Leaving thoughts of the Revolution behind, Hamilton inquires of Burr, “How’d you graduate so fast?” Burr responds, “It was my parents’ dying wish before they passed.”  This is most likely not true.  Aaron Burr, Sr. died on September 24, 1757, and Burr’s mother, Esther Edwards, died on April 7, 1758.  Unlike Hamilton, though, Burr had come from a distinguished background.  His father was a reverend, as well as the President of Princeton.  His mother was the daughter of Jonathan Edwards, a famed preacher (and briefly President of Princeton after the death of Burr, Sr.)[4]  Despite being an orphan, Burr was well-taken care of by his extended family.  His parents probably wouldn’t have made it their dying wish that Burr quickly graduate – he was a year old when his father died, and two when his mother passed.  Although we can say that they probably would have done all in their power to see that Burr would have graduated from college, had they lived.

Soon after Burr’s line above, Miranda has Hamilton exclaiming, “God, I wish there was a war! Then we could prove that we’re worth more Than anyone bargained for.”  Hamilton did write, “I wish there was a war,” but this was his closing line in a letter to his friend Edward Stevens in 1769, when Stevens was attending King’s College and Hamilton was still on the island of St. Croix, an orphan unaware that he’d ever travel to the mainland.  Also, (and anyway,) because Miranda takes things out of context, Hamilton doesn’t even have to wish for a war in 1776, because the war had already begun.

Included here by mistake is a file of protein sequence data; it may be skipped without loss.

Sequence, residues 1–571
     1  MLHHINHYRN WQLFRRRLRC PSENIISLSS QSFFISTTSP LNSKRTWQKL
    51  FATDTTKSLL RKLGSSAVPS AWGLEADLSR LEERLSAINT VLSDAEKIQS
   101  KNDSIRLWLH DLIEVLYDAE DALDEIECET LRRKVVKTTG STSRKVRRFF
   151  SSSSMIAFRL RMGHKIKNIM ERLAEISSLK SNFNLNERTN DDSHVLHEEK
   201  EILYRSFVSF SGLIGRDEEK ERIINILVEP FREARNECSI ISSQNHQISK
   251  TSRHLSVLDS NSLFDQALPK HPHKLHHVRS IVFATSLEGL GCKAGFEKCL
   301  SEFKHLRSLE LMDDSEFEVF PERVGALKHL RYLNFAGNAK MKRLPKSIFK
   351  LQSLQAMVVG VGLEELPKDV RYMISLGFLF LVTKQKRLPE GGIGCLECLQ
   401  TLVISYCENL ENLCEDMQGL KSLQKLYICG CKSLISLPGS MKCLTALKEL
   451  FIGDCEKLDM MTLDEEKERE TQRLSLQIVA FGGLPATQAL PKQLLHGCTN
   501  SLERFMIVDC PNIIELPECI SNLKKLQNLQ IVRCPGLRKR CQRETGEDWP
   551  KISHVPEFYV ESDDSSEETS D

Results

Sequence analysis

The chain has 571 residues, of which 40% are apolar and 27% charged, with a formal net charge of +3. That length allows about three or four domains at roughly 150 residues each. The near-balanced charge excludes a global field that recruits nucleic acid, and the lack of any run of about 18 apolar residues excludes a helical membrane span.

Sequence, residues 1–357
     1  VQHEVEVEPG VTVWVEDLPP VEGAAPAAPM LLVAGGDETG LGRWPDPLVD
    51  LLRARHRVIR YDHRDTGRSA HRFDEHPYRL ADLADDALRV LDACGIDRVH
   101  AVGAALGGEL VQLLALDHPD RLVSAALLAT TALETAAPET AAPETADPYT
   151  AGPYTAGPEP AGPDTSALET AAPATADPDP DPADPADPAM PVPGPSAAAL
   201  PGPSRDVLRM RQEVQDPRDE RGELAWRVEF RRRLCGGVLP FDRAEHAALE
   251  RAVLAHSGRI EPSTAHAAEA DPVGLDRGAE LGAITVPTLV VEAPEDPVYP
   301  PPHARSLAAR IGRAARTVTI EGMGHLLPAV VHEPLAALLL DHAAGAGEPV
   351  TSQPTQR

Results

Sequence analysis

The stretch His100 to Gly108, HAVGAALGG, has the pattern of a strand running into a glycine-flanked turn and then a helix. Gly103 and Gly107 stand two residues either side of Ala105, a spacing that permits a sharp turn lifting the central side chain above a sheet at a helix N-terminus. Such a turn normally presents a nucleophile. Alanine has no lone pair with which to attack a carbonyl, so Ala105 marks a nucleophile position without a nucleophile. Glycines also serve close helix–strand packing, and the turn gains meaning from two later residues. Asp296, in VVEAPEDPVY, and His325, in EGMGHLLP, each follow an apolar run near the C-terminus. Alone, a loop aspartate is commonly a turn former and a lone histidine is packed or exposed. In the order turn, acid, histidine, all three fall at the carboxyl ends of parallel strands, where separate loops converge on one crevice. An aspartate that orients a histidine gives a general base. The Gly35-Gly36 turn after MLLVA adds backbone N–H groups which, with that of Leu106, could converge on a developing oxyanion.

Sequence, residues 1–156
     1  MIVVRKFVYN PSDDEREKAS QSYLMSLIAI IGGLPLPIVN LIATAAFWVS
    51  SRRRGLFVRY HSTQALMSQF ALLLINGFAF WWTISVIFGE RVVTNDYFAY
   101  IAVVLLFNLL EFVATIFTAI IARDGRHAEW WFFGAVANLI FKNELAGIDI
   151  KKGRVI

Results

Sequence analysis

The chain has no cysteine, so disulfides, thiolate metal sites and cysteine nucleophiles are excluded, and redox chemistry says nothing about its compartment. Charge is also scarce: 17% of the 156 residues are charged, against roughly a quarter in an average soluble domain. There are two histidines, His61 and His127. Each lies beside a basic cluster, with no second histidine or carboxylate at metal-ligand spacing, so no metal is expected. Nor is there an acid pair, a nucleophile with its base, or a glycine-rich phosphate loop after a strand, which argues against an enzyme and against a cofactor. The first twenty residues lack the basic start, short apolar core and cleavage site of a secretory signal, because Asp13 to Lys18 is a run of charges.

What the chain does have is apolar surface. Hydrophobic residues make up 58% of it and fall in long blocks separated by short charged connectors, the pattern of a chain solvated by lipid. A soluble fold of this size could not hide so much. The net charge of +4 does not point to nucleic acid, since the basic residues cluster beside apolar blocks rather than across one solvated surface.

The cool-headed Burr then asks Hamilton if he can buy him drink, and he offers Hamilton some advice – “Talk less…smile more.”  While they are drinking, we meet Hamilton’s core group of friends in the musical – John Laurens, the Marquis de Lafayette, and Hercules Mulligan.  Miranda again changes the timeline of events here.  Hamilton didn’t meet the first two men until 1777.  The earliest he meets Laurens is the spring of 1777.[5]  Laurens received a letter from General George Washington dated August 5, 1777 asking him to “do me the honour to become a member of my Family.” The General Orders of September 6th made the appointment of Laurens as an “Extra-Aid-du Camp to the Commander in Chief” official.  It was probably during this time that Hamilton and Laurens first met.[6]

Lafayette didn’t even arrive in North America until June 13, 1777 when he landed in South Carolina.  He marched north, arriving in Philadelphia (to meet with the Congress there) on July 27th.   Initially rebuffed by Congress, Lafayette requested to first serve in the army at his own expense as a volunteer.[7]  He was appointed a major general by Congressional resolution on July 31, 1777.  Hamilton probably met him around this time.